Brazilian clubs leave Copa Libertadores rivals in their wake

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For the first time since the South American equivalent of the Champions League was created in 1960, three teams from the same country have made it through to the semi-finals.

In 1966 the Argentine trio of River Plate, Boca Juniors and Independiente all took part in the semi-final stage, but that was split into groups and so cannot be compared to 2021.

This season’s semi-finals kick off next week, with the first leg of the all-Brazilian affair between Palmeiras and Atletico Mineiro in Sao Paulo on Tuesday being followed on Wednesday by Flamengo welcoming Barcelona of Ecuador to the Maracana.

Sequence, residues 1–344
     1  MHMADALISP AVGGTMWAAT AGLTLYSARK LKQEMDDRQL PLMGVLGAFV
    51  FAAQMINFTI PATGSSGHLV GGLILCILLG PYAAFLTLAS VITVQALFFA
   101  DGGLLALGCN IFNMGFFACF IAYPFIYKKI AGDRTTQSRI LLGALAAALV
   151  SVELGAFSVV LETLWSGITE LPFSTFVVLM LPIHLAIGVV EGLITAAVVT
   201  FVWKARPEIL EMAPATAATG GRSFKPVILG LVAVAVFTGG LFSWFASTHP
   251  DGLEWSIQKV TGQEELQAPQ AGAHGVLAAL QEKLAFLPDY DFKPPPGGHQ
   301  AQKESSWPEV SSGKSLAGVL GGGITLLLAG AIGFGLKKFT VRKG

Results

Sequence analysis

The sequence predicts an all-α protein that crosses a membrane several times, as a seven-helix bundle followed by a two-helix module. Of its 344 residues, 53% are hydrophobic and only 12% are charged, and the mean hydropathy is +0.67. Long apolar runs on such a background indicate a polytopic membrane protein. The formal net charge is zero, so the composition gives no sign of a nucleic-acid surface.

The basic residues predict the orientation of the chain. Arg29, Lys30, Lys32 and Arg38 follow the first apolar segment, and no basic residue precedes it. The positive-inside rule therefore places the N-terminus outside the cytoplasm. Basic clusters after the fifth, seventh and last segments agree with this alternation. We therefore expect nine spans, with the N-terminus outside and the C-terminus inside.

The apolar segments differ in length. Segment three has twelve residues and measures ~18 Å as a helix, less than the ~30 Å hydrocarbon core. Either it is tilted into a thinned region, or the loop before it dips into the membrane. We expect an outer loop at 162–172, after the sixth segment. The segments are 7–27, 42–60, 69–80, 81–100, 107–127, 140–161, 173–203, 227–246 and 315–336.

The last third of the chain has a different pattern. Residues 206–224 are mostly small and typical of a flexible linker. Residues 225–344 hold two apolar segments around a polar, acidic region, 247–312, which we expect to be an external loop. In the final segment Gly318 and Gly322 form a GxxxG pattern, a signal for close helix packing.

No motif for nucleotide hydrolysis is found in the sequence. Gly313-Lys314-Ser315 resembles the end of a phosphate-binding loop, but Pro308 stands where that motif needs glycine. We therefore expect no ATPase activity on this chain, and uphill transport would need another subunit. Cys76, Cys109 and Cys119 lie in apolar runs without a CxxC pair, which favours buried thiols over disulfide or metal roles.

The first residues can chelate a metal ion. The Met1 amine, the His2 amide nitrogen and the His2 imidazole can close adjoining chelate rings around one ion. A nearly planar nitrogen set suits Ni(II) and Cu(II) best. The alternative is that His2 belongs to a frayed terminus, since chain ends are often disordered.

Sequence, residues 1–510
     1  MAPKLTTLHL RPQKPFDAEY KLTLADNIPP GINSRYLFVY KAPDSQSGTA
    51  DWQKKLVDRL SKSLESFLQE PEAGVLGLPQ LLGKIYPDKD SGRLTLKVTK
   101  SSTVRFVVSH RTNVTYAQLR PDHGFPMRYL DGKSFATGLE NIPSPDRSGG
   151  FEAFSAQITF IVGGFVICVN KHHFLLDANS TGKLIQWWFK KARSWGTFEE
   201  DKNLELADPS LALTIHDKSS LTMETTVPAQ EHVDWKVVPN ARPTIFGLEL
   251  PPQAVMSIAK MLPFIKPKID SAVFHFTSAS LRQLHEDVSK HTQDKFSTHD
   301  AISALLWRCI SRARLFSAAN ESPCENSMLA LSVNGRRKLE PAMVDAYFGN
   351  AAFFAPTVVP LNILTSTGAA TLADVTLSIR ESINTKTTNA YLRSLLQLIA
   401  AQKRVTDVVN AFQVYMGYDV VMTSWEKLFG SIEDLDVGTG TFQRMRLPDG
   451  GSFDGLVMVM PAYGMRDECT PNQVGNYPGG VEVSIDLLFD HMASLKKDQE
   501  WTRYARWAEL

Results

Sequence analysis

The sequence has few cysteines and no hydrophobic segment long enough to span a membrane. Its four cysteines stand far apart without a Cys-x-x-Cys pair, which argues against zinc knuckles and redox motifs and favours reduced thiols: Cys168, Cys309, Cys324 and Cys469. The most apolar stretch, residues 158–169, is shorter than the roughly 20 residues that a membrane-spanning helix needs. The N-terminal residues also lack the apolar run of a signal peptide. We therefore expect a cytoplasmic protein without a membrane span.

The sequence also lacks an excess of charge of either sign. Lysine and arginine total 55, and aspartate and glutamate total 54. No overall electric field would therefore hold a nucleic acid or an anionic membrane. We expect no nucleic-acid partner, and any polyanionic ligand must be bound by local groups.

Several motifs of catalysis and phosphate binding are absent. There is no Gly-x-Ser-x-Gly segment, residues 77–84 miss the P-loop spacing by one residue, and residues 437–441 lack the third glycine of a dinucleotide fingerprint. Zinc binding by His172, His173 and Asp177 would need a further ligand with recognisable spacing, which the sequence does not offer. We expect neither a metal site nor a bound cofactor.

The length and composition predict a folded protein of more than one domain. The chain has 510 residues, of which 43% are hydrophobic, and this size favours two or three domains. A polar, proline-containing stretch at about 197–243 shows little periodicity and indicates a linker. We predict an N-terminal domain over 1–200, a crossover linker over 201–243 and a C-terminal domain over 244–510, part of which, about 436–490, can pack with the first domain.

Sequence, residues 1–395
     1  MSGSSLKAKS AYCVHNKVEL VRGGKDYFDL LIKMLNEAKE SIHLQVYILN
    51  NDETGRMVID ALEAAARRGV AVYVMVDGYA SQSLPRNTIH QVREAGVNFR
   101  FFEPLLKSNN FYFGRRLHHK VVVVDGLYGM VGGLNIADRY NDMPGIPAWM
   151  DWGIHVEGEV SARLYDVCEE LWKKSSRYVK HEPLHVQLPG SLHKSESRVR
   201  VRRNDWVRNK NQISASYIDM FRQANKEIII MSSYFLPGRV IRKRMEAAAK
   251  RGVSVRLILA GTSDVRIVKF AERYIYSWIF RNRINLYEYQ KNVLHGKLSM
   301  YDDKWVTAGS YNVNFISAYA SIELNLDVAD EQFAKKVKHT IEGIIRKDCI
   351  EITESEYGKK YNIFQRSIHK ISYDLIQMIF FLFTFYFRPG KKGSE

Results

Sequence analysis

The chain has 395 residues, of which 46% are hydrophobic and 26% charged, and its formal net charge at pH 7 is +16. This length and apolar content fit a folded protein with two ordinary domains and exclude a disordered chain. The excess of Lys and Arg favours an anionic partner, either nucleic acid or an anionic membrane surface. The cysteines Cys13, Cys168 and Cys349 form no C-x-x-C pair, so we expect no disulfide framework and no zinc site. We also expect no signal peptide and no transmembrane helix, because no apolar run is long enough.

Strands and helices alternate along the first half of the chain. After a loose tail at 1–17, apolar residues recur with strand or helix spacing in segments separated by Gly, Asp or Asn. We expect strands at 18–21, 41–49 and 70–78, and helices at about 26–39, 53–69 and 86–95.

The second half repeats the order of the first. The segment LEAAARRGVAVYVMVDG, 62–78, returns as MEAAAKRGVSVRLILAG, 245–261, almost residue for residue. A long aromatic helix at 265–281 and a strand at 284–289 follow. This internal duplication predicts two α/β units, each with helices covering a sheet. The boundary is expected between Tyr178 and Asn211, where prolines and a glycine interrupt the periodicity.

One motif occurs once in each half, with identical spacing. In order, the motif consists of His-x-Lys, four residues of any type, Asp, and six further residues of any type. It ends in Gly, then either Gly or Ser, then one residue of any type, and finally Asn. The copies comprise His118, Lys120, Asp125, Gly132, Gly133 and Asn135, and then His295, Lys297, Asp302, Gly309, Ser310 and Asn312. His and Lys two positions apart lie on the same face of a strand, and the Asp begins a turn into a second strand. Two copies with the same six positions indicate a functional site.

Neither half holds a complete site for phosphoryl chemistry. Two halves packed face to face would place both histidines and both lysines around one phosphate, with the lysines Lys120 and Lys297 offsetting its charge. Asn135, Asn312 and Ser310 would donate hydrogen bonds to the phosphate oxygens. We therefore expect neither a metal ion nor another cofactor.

If Flamengo, the Rio de Janeiro giants who won the Copa Libertadores in 2019, make it to the final in Montevideo on November 27, it will be another all-Brazilian showdown, just as it was last year when Palmeiras beat Santos.

Brazil’s population of over 200 million is almost half that of the entire continent and so it is hardly a surprise that its teams should do so well, but there are other explanations for the country’s current pre-eminence.

“Brazilian football is evolving, leading players are coming back to the country and the league is becoming more and more competitive,” said Brazil midfielder Lucas Paqueta, formerly of Flamengo and now of Lyon in France, recently.

Big-name Brazilian players have been returning to the top flight, the Brasileirao, with Atletico Mineiro bringing back Hulk earlier this year and last month signing former Atletico Madrid striker Diego Costa, a Spanish international but who was born in Brazil.

Centre-back David Luiz, released by Arsenal, has returned home to sign for Flamengo. Fellow former Chelsea and Arsenal star Willian has gone back to Corinthians.

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